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First responders replace medals Vietnam vet lost in Virginia house fire
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First responders replace medals Vietnam vet lost in Virginia house fire

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A Vietnam veteran in Stafford County received an unexpected gift from the same first responders who came to his aid when his house caught fire nearly two months ago.

On Friday, Robert Mihalak was presented a traditional military shadowbox that contained all of the personal military decorations he earned in the 1960s, but then lost in the Feb. 13 fire at his home. The gift was a labor of love by Stafford County firefighters and retired law enforcement officers who took weeks to prepare it.

“Bobby doesn’t have anybody,” said long-time friend and caregiver Mary Ellen Earls. “He lost his kitten, he lost everything.”

The soft-spoken 73-year-old was left almost speechless by the gesture, accepting the memento in the small backyard ceremony at Earls’ home where he now lives with a simple thank you.

“We’re very grateful for what you did for our country,” said Deputy Fire Marshall Daniel Pappas, a retired Marine Corps master sergeant. “We can’t replace the medals that were burned up, but this is the next best thing we can do.”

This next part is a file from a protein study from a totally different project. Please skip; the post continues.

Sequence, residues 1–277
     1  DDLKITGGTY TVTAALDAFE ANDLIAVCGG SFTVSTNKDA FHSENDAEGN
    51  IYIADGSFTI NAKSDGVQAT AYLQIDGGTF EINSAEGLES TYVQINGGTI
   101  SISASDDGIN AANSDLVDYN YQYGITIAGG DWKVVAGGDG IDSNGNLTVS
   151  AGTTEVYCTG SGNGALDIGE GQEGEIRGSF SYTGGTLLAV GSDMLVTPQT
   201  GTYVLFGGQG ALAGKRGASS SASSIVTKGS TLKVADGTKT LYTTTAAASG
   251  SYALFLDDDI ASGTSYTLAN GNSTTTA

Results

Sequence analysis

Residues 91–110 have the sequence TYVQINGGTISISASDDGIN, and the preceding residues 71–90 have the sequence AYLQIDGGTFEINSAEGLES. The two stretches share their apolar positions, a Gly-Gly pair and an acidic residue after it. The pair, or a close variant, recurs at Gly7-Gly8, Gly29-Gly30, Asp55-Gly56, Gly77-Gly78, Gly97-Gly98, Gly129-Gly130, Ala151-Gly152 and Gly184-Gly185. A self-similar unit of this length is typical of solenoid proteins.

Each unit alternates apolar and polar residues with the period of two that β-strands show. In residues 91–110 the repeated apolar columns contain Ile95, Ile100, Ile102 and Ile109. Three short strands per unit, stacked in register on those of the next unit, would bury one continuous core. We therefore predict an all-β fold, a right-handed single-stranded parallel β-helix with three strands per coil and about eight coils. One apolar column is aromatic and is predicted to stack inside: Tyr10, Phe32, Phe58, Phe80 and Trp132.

The desire to do something worthwhile for the former soldier in the wake of the fire was something that radiated throughout the first responder community, many of whom have prior military service.

Following the February housefire, Pappas and another county fire investigator found the scorched remains of a wooden plaque holding Mihalak’s military medals in the living room of the vet’s home. They immediately noticed the “V” device for valor on the remnants of the Bronze Star and realized Mihalak wasn’t an ordinary soldier.

“He was an 11F, which is intelligence and recon,” said Virgil Gray, division chief for emergency management for Stafford County and a retired Army lieutenant colonel. “This guy’s a hero.

“He was a scout in front of the infantry and had two combat tours in Vietnam,” he added.

Mihalak was living in his childhood home on Randolph Road in the Ferry Farm area when fire destroyed the 67-year-old structure. Earls said Mihalak lives on a fixed income, earning only $1,100 a month from Social Security, and did not have homeowners insurance.

“I wish it had never happened, but what’s done is done,” said Mihalak. “I don’t know what I’m going to do now.”

Mihalak enlisted in the U.S. Army in 1965 and was sent to Vietnam in 1966. Two years later, the newly discharged specialist 4 returned to Stafford County, grew his hair out and worked on both coasts of the U.S. as a drywall finisher.

He retired about 10 years ago and inherited the family home in Stafford when his mother passed away in 2014.

Mihalak and a Fredericksburg firefighter were taken to the hospital after the fire. Although the firefighter was treated and released, Mihalak was hospitalized with smoke inhalation and second-degree burns on his face.